Chevrolet's new mid-engine Corvette is a shot across the bow at European sports car makers

Why Chevy is radically changing the Corvette
Why Chevy is radically changing the Corvette

The Chevrolet Corvette's new mid-engine layout is a radical departure from decades of tradition, but parent General Motors may attract a much needed new audience to the venerable working man's sports car, say industry observers. And it could spur a great deal of competition.

The high-performance car is keeping one element of its working class identity: a starting price just shy of $60,000 that has shocked many people in the automotive world.

The car has always delivered performance that could match high-end exotics made by the likes of Italian manufacturers Ferrari and Lamborghini — but at a fraction of their price. But over time, the Corvette developed a rather unique identity, built in part around it being a rare American sports car in a sea of mostly European rivals.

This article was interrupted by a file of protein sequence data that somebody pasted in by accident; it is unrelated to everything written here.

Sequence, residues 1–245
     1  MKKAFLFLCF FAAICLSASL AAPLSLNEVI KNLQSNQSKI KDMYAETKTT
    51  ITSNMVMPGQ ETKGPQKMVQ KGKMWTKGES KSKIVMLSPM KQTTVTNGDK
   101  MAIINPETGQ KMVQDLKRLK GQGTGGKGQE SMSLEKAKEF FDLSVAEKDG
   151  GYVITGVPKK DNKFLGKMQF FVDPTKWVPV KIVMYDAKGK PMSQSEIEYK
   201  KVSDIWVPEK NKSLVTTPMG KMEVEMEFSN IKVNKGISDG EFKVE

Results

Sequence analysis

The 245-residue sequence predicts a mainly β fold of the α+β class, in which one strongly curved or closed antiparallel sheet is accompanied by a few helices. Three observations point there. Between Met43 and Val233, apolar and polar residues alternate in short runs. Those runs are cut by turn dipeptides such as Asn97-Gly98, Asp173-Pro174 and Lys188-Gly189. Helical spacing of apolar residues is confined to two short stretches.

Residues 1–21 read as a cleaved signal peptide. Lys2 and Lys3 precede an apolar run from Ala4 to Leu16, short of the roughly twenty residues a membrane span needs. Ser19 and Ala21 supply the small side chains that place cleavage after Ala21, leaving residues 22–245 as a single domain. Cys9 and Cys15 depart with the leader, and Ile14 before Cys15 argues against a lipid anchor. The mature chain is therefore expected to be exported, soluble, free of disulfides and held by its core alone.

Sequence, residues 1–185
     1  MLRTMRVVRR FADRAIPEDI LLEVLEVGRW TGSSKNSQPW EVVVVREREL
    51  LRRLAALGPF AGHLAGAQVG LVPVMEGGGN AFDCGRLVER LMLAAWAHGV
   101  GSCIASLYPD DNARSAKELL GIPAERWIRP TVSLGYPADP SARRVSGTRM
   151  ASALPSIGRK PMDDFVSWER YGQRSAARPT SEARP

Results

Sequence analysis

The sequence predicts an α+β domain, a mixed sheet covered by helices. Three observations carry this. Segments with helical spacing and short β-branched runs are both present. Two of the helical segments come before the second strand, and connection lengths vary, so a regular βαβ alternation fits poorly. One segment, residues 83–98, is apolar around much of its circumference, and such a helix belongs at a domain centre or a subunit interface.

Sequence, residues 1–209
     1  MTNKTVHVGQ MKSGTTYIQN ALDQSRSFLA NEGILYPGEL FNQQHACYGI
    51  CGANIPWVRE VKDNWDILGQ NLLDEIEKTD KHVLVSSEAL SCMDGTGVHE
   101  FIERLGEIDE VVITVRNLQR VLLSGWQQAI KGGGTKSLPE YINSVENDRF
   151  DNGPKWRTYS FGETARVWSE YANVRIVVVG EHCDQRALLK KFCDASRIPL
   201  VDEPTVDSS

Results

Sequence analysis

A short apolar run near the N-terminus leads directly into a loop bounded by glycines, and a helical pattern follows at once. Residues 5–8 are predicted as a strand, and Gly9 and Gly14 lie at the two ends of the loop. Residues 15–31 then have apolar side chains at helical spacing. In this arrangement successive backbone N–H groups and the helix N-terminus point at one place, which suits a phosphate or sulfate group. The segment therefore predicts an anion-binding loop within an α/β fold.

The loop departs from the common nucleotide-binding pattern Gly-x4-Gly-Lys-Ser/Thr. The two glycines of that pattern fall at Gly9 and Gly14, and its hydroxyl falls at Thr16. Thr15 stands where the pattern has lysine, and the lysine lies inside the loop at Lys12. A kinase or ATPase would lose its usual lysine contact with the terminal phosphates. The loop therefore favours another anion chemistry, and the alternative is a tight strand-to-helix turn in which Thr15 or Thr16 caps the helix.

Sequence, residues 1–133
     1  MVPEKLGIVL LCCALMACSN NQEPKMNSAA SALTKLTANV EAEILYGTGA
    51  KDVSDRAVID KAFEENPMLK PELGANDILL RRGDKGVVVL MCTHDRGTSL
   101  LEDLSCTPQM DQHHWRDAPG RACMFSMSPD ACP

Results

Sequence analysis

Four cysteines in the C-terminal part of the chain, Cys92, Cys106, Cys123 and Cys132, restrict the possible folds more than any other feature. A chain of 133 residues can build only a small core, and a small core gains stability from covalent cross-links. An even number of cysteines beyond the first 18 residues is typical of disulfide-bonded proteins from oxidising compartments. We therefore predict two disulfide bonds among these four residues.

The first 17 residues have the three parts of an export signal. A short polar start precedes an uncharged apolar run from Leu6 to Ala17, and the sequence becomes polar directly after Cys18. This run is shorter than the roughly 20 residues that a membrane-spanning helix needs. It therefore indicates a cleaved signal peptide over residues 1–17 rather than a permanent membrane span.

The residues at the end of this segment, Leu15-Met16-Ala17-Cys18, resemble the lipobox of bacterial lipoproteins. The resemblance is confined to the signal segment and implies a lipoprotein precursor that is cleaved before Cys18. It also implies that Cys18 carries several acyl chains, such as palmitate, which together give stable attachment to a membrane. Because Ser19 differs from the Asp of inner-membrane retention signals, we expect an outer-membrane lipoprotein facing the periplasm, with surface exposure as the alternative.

In addition, it stuck with the front-engine design longer than many other makers. For decades the Corvette's engine has sat in front of the driver, like most car engines. The car stuck with the common front-engine layout even as many makers of sports cars changed their own designs to favor a mid-engine layout, where the car's power sits just behind the driver.

Since the engine is one of the heaviest parts of the vehicle, placing it in the center of the car balances the weight evenly, improving performance. Even the Corvette's first chief engineer, Zora Arkus-Duntov, pushed unsuccessfully for years for a mid-engined Corvette.

Now that it has a mid-engine design, it is stepping even further into territory dominated by higher-end manufacturers.

"It is always fascinating to watch the supercar segment," said Cox Automotive Executive Publisher Karl Brauer. "This is a segment that does not stop, it is never standing still."

Just about every few months it seems another super car is coming to market, he added, and it is very difficult to for any one car to stay in the spotlight for too long. That means the hype over the Corvette could fade quickly. But it also means that the Corvette's astonishingly low starting price— it brought gasps from the audience at the car's unveiling — could push other makers to innovate and lower prices.

"I think GM has stepped into this competitive segment with a very capable entry, and it will be fascinating to watch how effectively they compete at their price point with these much higher priced vehicles," Brauer said.